Now that we are halfway through the year, what better time to prioritize your reading list? Whether you’re interested in the history of interior design, the relationship between architecture and health, or learning more about the 20th century’s forgotten architects, Metropolis editors have selected a variety of current and forthcoming titles that will be sure to get you through 2021.
By James Crump, Monacelli Press, 248 p.p., Available September 14, 2021
Illustrated with a collection of contemporary and historic photography as well as rarely-seen documents, Breuer’s Bohemia surveys an oft-overlooked corner of the Modernist’s oeuvre. In addition to designing Brutalist public and commercial buildings throughout the 1950s through the ’70s, Breuer designed a collection of homes for friends in Connecticut and Massachusetts, many of whom were artists and intellectuals themselves. Though there is no shortage of material available on Breuer’s furniture design, architecture, and influence, Crump uses the architect’s residential projects to weave together a story of an artistic milieu that included luminaries such as Alexander Calder, Arthur Miller, Francine du Plessix Gray, Philip Roth, and William Styron.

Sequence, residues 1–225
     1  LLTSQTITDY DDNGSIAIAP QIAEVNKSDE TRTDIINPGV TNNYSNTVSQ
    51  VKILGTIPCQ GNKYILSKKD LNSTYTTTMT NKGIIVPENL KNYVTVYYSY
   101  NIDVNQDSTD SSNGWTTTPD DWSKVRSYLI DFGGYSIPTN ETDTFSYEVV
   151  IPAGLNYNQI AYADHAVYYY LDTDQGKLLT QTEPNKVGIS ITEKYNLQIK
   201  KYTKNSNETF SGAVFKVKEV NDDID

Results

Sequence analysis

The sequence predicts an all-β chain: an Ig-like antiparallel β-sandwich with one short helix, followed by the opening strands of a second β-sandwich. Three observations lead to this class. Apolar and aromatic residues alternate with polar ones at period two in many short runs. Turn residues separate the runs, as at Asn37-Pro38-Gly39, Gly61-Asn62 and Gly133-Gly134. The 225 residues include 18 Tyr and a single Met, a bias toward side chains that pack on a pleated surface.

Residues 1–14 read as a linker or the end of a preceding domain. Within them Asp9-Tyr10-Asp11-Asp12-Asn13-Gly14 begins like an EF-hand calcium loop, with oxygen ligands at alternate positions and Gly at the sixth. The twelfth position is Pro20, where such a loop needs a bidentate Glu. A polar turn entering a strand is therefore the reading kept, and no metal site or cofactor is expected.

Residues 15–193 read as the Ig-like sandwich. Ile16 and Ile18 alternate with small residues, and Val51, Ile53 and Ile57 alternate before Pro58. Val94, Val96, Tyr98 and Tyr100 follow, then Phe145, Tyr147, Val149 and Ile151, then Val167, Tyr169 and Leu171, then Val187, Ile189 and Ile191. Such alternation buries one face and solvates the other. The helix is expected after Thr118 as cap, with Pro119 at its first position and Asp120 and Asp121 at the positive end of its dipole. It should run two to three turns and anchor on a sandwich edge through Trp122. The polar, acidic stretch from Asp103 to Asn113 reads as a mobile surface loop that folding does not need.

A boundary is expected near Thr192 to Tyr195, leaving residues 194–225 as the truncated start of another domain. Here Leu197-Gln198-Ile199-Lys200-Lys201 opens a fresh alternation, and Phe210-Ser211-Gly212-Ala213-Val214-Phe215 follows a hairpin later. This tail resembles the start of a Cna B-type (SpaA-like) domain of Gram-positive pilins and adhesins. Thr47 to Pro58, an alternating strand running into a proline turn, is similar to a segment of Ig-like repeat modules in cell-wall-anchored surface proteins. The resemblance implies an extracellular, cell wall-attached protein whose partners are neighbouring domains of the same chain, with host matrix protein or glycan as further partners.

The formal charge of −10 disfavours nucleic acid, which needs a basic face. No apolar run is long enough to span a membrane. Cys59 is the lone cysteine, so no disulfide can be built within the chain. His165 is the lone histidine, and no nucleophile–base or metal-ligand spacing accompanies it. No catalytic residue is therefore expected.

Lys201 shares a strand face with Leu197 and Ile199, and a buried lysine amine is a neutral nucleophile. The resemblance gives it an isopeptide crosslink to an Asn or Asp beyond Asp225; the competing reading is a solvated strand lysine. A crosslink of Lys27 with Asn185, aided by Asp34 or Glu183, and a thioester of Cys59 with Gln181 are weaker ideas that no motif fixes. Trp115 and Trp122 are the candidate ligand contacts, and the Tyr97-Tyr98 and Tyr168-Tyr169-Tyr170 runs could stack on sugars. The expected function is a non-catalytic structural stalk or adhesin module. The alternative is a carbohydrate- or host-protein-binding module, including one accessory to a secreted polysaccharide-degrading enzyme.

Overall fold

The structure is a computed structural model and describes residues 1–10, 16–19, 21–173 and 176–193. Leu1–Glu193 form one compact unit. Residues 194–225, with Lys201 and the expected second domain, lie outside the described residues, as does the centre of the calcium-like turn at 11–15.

By Helmut C. Schulitz, Hirmer Publishers, 240 p.p.
This illustrated volume explores the history of building and its relationship to technology. With innovations like CAD and other technologies, architects can create forms that were once unimaginable. But is a focus on form detracting from function, context, and construction? The Turning Point in Architectural Design argues that technology alone isn’t the turning point; technology alone can’t tackle global challenges like resources and energy. Change in architectural design must come first.
By Jane Hall, Phaidon, 264 p.p.
Featuring more than 200 designers from over 50 countries, Woman Made: Great Women Designers is a comprehensive look at women product designers from Aino Aalto to Sandrine Ebène de Zorzi. Author Jane Hall, recipient of the British Council Lina Bo Bardi Fellowship and founding member of Assemble, organized the book by four design categories: product, furniture, textiles, and lighting. She writes in the introduction, “Woman Made tells the story of design as a narrative of suffrage, education, and employment, but also speaks to the importance of technological innovation, global migration, and economic struggle.”